B.C. study shows warning labels on alcohol decrease sales

Study led by University of Victoria researchers focused on a test in Whitehorse

Attorney General David Eby, and the B.C. government's advisory panel on liquor policy, were both in 2018 opposed to requiring warning labels on alcohol products | Chung Chow

Warning labels help decrease alcohol sales and help drinkers remember national drinking guidelines, according to a study by the University of Victoria’s Canadian Institute for Substance Use Research (CISUR), which examined an experiment in Whitehorse, Yukon.

“This is an especially vital public health intervention now, as we see people at risk of increasing their alcohol intake as they isolate at home during the COVID-19 outbreak,” said the study’s co-leader, and director of CISUR, Tim Stockwell.

Indeed, the British Columbia Liquor Distribution Branch said alcohol sales surged 40% in March, although it is unclear if people were drinking more, or simply stocking up to avoid frequent trips to liquor stores during the global pandemic.

An analysis of Whitehorse's sales by Stockwell and CISUR scientist Jinhui Zhao found that per capita sales of labelled alcohol products dropped by 6.6%, compared to the products in control sites that didn’t get the new labels. 

Approximately 300,000 labels were applied to 98% of alcohol containers in Whitehorse during the study period.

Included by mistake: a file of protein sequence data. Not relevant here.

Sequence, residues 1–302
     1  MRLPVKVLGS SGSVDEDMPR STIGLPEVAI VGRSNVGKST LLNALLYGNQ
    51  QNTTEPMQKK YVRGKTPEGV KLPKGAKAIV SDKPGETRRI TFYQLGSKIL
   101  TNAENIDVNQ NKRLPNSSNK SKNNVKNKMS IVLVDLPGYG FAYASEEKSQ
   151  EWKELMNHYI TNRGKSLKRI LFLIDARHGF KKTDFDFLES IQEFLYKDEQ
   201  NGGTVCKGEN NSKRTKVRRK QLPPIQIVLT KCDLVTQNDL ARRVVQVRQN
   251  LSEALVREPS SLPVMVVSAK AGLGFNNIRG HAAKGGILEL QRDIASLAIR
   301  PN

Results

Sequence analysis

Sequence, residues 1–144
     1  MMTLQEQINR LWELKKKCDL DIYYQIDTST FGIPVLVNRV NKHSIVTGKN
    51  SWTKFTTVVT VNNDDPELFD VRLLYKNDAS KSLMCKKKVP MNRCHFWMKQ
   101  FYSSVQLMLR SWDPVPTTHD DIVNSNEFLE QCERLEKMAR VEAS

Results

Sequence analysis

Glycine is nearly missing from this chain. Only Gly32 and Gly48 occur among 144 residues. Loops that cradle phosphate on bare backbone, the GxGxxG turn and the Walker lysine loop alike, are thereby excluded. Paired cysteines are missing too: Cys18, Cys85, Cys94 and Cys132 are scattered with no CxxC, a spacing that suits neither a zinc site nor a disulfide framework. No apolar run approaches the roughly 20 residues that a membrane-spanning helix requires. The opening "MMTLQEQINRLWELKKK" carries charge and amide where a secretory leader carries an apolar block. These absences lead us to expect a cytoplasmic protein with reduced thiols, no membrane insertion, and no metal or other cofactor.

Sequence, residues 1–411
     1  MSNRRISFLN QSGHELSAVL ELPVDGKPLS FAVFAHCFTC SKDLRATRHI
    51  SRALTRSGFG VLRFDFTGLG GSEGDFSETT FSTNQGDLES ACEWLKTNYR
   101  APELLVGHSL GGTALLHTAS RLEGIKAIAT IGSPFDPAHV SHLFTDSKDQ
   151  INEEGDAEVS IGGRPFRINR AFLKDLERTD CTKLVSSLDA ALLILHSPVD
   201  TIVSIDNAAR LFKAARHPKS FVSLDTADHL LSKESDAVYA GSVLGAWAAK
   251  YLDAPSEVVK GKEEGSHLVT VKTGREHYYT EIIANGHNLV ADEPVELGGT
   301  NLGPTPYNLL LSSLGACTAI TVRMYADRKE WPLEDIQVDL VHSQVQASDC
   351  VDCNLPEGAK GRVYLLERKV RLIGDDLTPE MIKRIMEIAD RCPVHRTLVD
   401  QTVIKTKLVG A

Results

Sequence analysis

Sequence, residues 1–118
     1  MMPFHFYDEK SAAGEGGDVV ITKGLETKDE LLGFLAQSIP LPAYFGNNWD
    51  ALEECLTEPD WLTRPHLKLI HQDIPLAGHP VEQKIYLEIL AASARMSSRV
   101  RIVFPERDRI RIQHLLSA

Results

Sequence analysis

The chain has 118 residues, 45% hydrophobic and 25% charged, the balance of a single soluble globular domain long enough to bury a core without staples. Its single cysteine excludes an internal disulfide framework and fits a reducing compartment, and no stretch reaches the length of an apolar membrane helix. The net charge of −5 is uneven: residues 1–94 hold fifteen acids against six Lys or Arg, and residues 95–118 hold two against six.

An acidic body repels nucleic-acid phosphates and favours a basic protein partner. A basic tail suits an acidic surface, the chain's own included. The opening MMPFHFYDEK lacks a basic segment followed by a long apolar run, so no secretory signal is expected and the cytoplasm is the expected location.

B.C. Attorney General David Eby visited Whitehorse in June 2018 to view the study in progress, and Island Health chief health officer Richard Stanwick, at the time, was lobbying to have Eby put warning labels on alcohol.

Business in Vancouver asked Eby about whether he would legislate to require such labels in B.C. in an exclusive interview in July 2018, and he said that he had “no plans” to put warning labels on alcohol products in B.C.

Requiring liquor retailers’ staff to manually put warning stickers on products would represent a “significant cost” to those businesses, Eby said.

“We’re interested to see if the labels have any impact [on sales] and also to see the federal government’s opinion, based on that,” Eby said at the time. “It is in part a federally funded study.”

A report commissioned by the B.C. government and released in late June, 2018, by the province’s business technical advisory panel on liquor policy noted that, among panel members, there was “no support for the idea of creating labels on alcohol products that would relate to minimum-drinking guidelines or health issues.”

To read more about that report, click here.